After the experience of having Jesus walk up to them in the middle of the Sea of Galilee as they were struggling to row their boat across to the other side, Mark says this about the disciples, “They were completely astonished, because they did not understand about the loaves, but their hearts were hardened” (Mark 6:52). It is an oddly jarring statement – “their hearts were hardened.” And I think Mark means it to be jarring.
Already at this point in their time with Jesus, the disciples have seen so many remarkable acts by Jesus. This verse itself refers to the first multiplication of loaves and fishes. They have seen the most remarkable healings, the many deliverances, most especially the casting out of the legion of demons in Mark 5, the stilling of the storm, just before the drama with the legion. All of this has now been part of the disciples’ experience of Jesus, yet even after all that, the disciples are “completely astonished” by the experience of meeting Jesus in the middle of the lake, walking on water.
Mark doesn’t just pass over the astonishment as understandable, as Jesus himself does not. Yes, maybe in isolation, this walking on water might be “completely astonishing.” But as Mark points out, this event doesn’t take place in isolation. It takes place in a context of an on-going series of astonishing things, as they walk with Jesus. But the disciples have not yet come to expect astonishing things from Jesus. And as Mark will tell us (Mark 16:11 & 13), right down to the announcement that Jesus has been raised from the dead, the disciples continue not to expect the astonishing from Jesus, and all the gospel writers bear witness to the same.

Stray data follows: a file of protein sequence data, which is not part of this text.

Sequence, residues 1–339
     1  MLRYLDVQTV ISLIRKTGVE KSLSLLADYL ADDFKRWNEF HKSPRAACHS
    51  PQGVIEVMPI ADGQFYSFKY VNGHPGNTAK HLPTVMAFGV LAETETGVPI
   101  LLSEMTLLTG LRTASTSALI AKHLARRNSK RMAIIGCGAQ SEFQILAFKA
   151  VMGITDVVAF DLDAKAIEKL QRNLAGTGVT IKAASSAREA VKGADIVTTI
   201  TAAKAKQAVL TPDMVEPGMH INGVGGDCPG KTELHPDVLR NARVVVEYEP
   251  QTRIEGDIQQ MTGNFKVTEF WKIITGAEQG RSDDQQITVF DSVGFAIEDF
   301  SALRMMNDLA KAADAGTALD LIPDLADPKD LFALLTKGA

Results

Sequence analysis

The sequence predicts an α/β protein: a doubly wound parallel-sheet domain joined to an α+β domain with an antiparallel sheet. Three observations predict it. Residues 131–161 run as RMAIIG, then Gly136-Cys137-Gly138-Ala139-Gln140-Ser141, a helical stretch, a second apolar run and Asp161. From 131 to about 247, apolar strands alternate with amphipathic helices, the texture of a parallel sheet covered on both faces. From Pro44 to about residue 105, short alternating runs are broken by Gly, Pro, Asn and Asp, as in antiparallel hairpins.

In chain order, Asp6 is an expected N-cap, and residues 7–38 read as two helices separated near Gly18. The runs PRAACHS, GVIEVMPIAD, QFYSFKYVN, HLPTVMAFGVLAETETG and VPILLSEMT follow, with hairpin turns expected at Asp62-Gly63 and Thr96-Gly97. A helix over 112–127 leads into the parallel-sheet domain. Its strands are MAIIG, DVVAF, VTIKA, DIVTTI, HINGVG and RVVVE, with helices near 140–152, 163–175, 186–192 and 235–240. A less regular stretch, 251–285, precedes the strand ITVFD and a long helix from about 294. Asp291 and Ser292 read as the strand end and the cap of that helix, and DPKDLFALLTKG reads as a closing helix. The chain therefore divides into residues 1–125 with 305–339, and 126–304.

Mark says that it is because their hearts were “hardened.” Hardened by what? Well, among other possibilities, certainly their hearts were hardened by a lifetime of experience of the broken and fallen world in which death, sickness, sin, and evil always win, a lifetime of experience of powerlessness and impotence in the face of the power of the Fall. They had been trained by repeated experiences of powerlessness the way a path in the woods is hardened by the repeated experience of passing feet beating it into rock-like hardness.
So, Jesus’ astonishing acts of redeeming power – in-breaking kingdom of God power – had not yet broken through their hard-beaten expectations. They continued to expect a world of powerlessness in the face of fallen reality, so that even as in Jesus the redeeming, kingdom of God power unfolded before their eyes, they continued to expect powerlessness in a fallen world.
What about me? What do I expect? If I continue to act on the expectation of powerlessness in a fallen world, will I not likely fail to see, much less fail to enact, the redeeming, kingdom of God power in the world? Is my heart also pounded hard?